A change of tactics?
- Interesting point being made by Stephen Joseph of Transport 2000 on Radio 4
recently. This was relayed to me second hand. What I understand him to have
been saying is that one of the reasons the ABD (Association of British
Drivers) has been so successful given its small membership is that
organisations like his (e.g. Transport 2000) have got close enough to
government in recent years that they have not considered it appropriate to
respond to the rhetoric of ABD who will duck and weave in the word style
game of pressure group politics in a way that you cannot do once you go
"respectable" because those in power are now - at last - listening and
acting on research based policy advise.
Joseph was suggesting that ignoring the ABD as irritants may have been a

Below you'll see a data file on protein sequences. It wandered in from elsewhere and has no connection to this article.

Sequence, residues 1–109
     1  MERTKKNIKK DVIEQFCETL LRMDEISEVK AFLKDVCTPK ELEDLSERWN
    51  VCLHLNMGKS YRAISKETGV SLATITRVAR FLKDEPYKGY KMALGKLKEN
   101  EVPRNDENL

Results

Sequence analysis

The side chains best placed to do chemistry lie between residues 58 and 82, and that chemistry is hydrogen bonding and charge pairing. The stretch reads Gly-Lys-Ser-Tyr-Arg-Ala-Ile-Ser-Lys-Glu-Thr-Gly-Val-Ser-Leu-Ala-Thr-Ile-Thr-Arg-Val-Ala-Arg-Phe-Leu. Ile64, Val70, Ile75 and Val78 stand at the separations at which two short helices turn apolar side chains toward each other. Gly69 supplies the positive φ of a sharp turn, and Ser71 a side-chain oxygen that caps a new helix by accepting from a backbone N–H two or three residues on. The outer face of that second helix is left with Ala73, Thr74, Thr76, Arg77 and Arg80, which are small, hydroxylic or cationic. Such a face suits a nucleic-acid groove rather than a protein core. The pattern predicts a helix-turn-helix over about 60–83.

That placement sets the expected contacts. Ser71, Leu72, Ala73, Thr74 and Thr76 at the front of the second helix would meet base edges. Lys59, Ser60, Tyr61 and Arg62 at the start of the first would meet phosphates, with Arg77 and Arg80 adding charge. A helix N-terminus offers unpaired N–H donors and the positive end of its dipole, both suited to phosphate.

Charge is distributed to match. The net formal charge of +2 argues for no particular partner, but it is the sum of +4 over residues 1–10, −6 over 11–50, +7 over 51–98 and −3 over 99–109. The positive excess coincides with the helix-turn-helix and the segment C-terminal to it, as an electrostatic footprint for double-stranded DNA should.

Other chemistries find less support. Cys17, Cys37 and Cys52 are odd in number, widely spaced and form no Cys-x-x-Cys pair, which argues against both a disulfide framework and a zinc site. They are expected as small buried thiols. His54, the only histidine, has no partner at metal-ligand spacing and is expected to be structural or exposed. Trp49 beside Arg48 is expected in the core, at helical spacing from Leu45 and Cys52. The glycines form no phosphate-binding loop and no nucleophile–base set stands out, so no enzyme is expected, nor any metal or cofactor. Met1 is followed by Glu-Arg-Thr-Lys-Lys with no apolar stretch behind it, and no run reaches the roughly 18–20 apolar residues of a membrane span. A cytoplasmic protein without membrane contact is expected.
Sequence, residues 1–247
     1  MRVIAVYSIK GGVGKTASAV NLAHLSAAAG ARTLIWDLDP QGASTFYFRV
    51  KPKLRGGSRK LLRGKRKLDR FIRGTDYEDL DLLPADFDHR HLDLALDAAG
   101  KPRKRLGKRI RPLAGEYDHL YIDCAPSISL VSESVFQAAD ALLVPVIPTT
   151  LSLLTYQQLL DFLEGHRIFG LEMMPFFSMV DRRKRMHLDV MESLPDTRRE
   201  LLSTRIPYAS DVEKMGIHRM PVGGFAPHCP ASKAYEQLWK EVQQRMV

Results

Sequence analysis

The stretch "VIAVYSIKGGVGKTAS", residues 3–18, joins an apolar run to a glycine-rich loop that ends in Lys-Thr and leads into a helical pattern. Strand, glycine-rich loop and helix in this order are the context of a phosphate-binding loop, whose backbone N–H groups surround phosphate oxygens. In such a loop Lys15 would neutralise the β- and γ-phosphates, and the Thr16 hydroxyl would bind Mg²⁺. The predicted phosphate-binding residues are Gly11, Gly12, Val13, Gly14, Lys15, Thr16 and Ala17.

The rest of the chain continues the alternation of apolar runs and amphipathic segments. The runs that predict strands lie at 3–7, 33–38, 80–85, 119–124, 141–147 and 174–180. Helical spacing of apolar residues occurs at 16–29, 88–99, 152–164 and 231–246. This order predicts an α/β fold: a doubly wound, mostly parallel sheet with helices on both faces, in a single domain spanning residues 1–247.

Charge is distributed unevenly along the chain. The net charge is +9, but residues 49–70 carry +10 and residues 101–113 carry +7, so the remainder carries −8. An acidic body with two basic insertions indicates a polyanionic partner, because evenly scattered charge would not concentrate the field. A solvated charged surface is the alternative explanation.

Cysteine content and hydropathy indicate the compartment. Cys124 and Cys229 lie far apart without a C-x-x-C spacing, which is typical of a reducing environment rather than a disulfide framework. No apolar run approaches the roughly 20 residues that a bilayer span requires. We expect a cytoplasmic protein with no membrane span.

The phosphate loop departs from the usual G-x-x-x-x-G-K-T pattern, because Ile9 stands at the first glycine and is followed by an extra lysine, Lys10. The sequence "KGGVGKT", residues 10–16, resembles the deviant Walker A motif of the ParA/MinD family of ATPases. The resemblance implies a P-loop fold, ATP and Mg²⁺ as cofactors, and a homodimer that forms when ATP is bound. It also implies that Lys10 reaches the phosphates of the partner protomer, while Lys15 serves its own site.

mistake. He may even have been suggesting that the rhetorical feistiness
that characterised the anti-roads lobbies of the 1980s and early 1990s ought
to be revisited in rebutting the philosophising of the ABD who, among other
things, claim to represent car drivers, to be defending freedom (pleeeeze!)
and even the safety of motorists.
We can ponder the positive sign that these people's shrillness is a sign of
their weakness, but need to recognise how being a small dedicated band can
be exhilarating. Now that those of us who see liberty and quality of life as
intimately linked to the reduction of road speed and curbs on the excesses
of car use are in a growing majority (including a majority of drivers - 65%
at last count supporting tighter enforcement of speed limits) but we risk
becoming politically outpaced by the racier tactics of the ABD anoraks who
are strongly supported by a quietly spoken establishment of influential
upper middle class people who see these trends infringing on their right to
speed through urban and rural communities throwing a few sovereigns out of
the window to silence the annoying proles whose lives they are blighting and
making common cause with the boy racer fraternity to show how genuinely
democratic they are. Ha ha!